Freaky

Wait. The rest of the ads weren’t already freaky?

 

main-promo

No idea. More breast imagery, though. The outfit looks uncomfortable – the strap across the chest, and what if you need to use the restroom? – but I guess 3D models don’t care.

 

Woodlands

She looks annoyed. Maybe the 3D models do care about wearing freaky costumes. Or maybe the ears are uncomfortable.

I’ve considered unsubscribing from Daz’s emails, but I never know when they’ll offer something I need. Also, I’ll reluctantly admit that I’ve begun to find them entertaining. I never know what they’re going to send next, and I can only speculate that the young men who form their target audience eagerly await each email and find it very, um, stimulating.

Meanwhile, summer. Outings. Camps. Play dates.

At the beginning of the summer, I drug the boy down to Legoland. I like going to Legoland. My kid doesn’t, or at least not as much as he used to, but he endures it for my sake. I have to have a child to visit Legoland; adults aren’t allowed to visit by themselves.

I took these photos with my hand-me-down iPhone, thinking that I should pare down the amount of stuff I carried on the trip. I wish I’d taken a decent SLR along. There was lint and dust under the iPhone’s lens. Cleaning it out will require taking the phone apart. I can remove artifacts with Photoshop, but it gets to be a pain. Kind of a waste of time to remove something that shouldn’t have been there to begin with.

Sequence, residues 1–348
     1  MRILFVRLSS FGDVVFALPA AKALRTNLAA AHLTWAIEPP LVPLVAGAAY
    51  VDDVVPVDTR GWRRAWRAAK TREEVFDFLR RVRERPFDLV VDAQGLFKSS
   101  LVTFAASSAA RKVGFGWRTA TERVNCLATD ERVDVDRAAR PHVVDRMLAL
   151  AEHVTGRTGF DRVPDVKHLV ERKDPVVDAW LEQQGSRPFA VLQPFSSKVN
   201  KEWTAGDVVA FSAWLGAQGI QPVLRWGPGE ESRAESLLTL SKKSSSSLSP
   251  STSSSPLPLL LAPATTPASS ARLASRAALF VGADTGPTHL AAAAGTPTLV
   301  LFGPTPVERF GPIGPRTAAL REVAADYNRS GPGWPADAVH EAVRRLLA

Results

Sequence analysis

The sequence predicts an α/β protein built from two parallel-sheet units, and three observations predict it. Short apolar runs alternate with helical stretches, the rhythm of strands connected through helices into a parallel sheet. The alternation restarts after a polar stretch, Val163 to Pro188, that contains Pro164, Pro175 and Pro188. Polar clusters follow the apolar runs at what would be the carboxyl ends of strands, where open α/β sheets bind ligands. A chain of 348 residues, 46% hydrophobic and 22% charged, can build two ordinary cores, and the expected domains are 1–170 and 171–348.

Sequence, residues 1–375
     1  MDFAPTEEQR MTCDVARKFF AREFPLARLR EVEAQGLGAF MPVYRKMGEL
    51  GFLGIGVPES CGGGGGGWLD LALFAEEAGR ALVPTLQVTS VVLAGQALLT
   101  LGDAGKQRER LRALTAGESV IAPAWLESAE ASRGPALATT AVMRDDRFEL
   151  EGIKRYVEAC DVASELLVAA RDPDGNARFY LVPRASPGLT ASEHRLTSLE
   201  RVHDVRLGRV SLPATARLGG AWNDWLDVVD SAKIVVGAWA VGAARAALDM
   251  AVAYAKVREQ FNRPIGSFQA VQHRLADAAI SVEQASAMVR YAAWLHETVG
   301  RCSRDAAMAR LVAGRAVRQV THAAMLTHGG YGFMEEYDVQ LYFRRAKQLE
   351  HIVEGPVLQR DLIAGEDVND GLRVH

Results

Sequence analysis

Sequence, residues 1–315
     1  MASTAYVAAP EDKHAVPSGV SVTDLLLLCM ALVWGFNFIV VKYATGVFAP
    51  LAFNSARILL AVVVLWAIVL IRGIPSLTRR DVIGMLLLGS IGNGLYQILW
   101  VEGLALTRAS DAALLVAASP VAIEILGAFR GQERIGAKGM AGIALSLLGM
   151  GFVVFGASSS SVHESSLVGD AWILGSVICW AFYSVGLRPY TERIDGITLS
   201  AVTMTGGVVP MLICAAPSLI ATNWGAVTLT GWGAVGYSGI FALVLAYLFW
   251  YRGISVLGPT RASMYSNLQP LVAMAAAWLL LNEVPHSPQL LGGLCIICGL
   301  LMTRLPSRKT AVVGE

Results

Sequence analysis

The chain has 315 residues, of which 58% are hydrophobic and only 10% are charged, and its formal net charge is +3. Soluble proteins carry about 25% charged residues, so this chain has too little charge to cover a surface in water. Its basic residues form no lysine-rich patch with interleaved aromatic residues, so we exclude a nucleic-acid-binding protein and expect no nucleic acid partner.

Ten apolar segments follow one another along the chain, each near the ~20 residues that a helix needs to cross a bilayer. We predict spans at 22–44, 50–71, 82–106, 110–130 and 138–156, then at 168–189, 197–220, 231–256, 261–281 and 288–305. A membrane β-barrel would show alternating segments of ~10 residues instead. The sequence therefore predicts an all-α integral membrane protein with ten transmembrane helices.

bison

Legoland. Is there a more perfect amusement park on earth? I don’t think so.

 

Miniland

I love every bit of it. The giant models of buildings in Miniland …

 

StarWars

… the Star Wars exhibit. Okay. I’m not into Lego Friends, but I guess I can’t blame the Lego company for their pink-burqaed, cynically capitalist attempt to lure in young females.

 

hotel2

You know that windmill you drive by when you’re going through Carlsbad? That’s the hotel we stayed at. The interior of the windmill is sad. There’s a massive vaulted space which should feel airy, but somehow it contrives to feel depressing and outdated. Just off to the side there’s a TGI Fridays which is accessed through a door in the windmill, a door which slams uncontrollably and loudly enough to rupture one’s eardrums. The experience pretty much destroyed every fantasy I had about windmills.

 

hotel

Here’s the view from our hotel room. Gorgeous! Pipes. A wall. Wires draped here and there. That must be the deluxe courtyard view touted on the reservation website.

Well, I guess this is what happens when you don’t cough up the $400+/night to stay at the Legoland Hotel during the height of the season.

 

Musee

Another trip, just for the day, up to the Musée Mecanique on Fisherman’s Wharf in San Francisco. The place is so cool. Tons of old coin-operated mechanical arcade machines. One can have a lot of fun on $5-10.

 

AnnSam

Plaque outside the building. It has a decidedly grotty, impromptu look about it, as though a passerby stuck it up with an entire tube of adhesive. I imagine Ann and Sam aren’t with us anymore – not too many people reach their 70th anniversaries – but their plaque lives on.

 

Sal